ShareOwner was created in 1987 and is a unique broker in Canada that enables you to create and order an entire portfolio and provides automatic dividend reinvestment for all eligible stocks and Exchnage-Traded Funds (ETF’s) (over 400 Canadian and US stocks and more than 50 ETF’s). Once your ShareOwner account is set up, you can order as many stocks as you want in a single order with a flat commission fee of $40. I really like this fee structure because this is a great alternative to discount brokers. We ordered 15 dividend stocks for Baby T1.0’s portfolio, essentially $2.67 per trade.
To get started, you open an account on ShareOwner’s website, select which account you want to create, and fill out the paperwork. When we created Baby T1.0’s portfolio, we needed to mail in some paper before we could establish an account. The process, however, is very straight forward and only took a week before we received the account login information.
We’ve been using ShareOwner for about 2 years now and here are some key advantages that ShareOwner offers over other discount brokers like Questrade and TD.
- Full DRIPs on over 400 Canadian and US stocks and more than 50 ETFs.
- Order a specific dollar amount of each security. This is a really cool feature as you can specify how much money to buy per stock rather than full share amount. This allows you to utilize all the money in the account.
- Flat commission fee of $40. We only made 1 trades to set up Baby T1.0’s portfolio. Since then, everything is on autopilot.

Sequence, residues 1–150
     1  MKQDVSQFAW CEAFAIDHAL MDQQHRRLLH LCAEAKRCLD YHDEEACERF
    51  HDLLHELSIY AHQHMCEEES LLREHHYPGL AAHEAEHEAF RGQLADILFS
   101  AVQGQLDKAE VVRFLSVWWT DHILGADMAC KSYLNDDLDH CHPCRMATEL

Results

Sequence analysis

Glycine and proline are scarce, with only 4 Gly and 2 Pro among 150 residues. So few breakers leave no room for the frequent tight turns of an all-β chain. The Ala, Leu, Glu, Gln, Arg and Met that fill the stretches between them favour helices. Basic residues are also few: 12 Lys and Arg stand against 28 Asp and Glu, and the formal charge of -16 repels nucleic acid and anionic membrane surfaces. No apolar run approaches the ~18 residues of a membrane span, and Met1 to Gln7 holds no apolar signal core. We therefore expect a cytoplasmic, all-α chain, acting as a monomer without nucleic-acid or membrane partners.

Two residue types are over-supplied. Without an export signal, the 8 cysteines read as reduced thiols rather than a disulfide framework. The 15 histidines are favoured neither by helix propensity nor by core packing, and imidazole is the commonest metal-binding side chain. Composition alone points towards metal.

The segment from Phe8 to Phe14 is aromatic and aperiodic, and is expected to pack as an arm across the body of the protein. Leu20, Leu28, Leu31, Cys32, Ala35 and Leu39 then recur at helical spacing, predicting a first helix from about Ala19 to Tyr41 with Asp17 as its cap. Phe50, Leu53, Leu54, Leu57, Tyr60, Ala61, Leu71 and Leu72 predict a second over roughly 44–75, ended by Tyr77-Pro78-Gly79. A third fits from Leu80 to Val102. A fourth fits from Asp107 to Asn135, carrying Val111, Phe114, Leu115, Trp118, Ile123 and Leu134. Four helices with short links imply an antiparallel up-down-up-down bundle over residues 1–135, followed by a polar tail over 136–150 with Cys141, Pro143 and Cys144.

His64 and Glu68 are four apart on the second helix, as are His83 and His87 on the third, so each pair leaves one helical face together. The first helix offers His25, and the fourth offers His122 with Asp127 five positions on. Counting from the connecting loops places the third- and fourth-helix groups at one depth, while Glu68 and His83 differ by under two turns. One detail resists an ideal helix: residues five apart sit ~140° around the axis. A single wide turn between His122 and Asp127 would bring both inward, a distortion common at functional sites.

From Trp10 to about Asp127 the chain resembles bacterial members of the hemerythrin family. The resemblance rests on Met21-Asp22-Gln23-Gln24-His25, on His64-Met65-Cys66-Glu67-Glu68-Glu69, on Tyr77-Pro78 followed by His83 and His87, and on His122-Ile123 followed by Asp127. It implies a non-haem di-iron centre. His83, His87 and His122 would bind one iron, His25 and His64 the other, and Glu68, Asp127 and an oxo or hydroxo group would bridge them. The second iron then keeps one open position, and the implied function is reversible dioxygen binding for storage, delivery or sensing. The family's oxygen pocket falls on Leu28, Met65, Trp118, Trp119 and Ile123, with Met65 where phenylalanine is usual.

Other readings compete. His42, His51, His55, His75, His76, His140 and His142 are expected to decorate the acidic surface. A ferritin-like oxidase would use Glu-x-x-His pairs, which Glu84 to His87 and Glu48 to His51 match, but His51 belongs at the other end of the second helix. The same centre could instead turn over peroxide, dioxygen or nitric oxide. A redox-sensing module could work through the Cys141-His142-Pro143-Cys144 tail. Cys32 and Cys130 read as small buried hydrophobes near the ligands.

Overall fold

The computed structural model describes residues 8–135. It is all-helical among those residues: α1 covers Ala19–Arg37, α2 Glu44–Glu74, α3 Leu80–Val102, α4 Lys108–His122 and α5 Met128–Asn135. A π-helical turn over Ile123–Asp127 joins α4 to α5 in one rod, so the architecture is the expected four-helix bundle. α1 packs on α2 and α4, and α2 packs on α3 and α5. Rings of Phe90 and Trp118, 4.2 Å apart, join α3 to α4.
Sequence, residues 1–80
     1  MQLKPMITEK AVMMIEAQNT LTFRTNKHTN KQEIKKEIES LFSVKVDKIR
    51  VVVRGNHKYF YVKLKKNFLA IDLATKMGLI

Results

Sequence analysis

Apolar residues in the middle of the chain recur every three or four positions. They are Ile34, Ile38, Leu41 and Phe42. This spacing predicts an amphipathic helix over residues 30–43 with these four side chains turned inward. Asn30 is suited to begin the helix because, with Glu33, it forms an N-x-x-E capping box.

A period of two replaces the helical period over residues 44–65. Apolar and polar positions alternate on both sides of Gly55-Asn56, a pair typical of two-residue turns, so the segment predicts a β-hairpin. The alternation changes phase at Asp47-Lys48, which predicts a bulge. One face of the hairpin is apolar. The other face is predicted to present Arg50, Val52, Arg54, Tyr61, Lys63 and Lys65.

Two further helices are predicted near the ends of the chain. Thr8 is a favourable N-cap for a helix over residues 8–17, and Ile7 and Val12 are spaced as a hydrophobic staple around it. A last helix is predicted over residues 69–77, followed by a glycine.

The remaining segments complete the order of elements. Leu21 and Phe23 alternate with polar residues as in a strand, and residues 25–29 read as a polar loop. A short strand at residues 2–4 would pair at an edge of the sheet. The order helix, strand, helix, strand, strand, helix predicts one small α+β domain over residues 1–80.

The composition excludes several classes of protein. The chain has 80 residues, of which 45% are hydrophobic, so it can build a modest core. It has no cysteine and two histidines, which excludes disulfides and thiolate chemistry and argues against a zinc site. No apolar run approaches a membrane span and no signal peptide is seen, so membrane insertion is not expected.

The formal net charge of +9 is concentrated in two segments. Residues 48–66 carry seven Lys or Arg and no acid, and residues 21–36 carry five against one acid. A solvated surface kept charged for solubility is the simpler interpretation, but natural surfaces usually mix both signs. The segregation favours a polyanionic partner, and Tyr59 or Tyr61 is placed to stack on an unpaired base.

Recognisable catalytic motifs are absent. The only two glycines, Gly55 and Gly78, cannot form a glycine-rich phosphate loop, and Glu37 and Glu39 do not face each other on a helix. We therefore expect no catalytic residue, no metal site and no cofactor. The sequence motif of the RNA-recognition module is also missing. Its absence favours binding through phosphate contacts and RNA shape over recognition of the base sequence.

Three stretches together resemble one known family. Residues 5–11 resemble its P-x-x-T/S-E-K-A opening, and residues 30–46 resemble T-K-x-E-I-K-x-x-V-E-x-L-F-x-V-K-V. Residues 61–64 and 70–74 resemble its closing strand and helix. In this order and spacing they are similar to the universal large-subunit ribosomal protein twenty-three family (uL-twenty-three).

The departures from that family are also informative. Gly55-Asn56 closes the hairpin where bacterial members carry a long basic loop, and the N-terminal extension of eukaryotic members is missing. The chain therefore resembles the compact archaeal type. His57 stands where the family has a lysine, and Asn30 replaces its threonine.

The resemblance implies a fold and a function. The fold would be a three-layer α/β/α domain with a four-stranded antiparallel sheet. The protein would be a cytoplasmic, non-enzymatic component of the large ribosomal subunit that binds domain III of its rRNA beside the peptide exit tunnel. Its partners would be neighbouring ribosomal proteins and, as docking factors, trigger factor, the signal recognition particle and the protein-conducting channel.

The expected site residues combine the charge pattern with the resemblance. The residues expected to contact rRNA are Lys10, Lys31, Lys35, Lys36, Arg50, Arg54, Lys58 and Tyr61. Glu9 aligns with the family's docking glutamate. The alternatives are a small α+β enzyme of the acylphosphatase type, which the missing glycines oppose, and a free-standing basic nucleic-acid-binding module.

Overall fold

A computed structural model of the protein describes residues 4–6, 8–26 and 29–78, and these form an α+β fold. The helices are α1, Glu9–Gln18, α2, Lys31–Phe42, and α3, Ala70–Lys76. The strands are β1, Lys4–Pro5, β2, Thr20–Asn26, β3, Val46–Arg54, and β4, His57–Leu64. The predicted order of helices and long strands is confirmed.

- Automatic email notification whenever there’s an account update (i.e. dividends, trades).
- You have the option for a scheduled purchase plan so you invest a certain dollar amount per desired time period.
Having said that, there are some minor annoyances I’ve found with ShareOwner:
- Dividends received in US currency are converted to Canadian dollars first. When purchasing more shares, the amount is then converted to US. This mean you may get hit by the currency exchange rate twice.
- The DRIP is on a scheduled slot, so it may take up to a month before dividends are re-invested.
After evaluating the advantages and annoyances, I think ShareOwner offers a great service for dividend growth investors with a very long-term view. Although ShareOwner is not very well known, it’s a member of the Investment Industry Regulatory Organization of Canada and the Canadian Investor Protection Fund, so your investments are protected, just like with other discount brokers.
Overall we’re very happy with ShareOwner. We picked 8 US dividend paying stocks and 7 Canadian dividend paying stocks for Baby T1.0’s portfolio. One of the lessons learned is that maybe we should have picked more Canadian stocks to avoid the constant currency conversion. However, US companies like Johnson & Johnson and Procter & Gamble do offer better international exposure than a Canadian company like Fortis. Giving the desired sector exposure, I think the international exposure outweighs the currency conversion annoyance.
If you’re looking to start a dividend investment account leveraging the benefits of a full DRIP, I’d highly recommend taking a look at ShareOwner.